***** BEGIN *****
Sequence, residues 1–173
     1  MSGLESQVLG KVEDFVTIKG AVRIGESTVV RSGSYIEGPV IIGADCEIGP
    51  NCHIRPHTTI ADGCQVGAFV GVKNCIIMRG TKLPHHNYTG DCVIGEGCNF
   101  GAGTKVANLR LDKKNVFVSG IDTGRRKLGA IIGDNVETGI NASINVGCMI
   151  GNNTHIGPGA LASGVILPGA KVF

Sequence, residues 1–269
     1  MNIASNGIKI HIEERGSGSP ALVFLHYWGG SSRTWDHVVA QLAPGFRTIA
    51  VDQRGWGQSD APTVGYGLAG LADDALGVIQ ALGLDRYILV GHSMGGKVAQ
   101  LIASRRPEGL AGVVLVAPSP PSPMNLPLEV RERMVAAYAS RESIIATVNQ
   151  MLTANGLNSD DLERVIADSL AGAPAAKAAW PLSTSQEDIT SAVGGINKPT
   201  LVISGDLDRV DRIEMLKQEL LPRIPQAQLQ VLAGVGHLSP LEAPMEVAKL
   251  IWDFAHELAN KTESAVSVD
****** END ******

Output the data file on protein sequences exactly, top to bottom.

Sequence, residues 1–173
     1  MSGLESQVLG KVEDFVTIKG AVRIGESTVV RSGSYIEGPV IIGADCEIGP
    51  NCHIRPHTTI ADGCQVGAFV GVKNCIIMRG TKLPHHNYTG DCVIGEGCNF
   101  GAGTKVANLR LDKKNVFVSG IDTGRRKLGA IIGDNVETGI NASINVGCMI
   151  GNNTHIGPGA LASGVILPGA KVF

Sequence, residues 1–269
     1  MNIASNGIKI HIEERGSGSP ALVFLHYWGG SSRTWDHVVA QLAPGFRTIA
    51  VDQRGWGQSD APTVGYGLAG LADDALGVIQ ALGLDRYILV GHSMGGKVAQ
   101  LIASRRPEGL AGVVLVAPSP PSPMNLPLEV RERMVAAYAS RESIIATVNQ
   151  MLTANGLNSD DLERVIADSL AGAPAAKAAW PLSTSQEDIT SAVGGINKPT
   201  LVISGDLDRV DRIEMLKQEL LPRIPQAQLQ VLAGVGHLSP LEAPMEVAKL
   251  IWDFAHELAN KTESAVSVD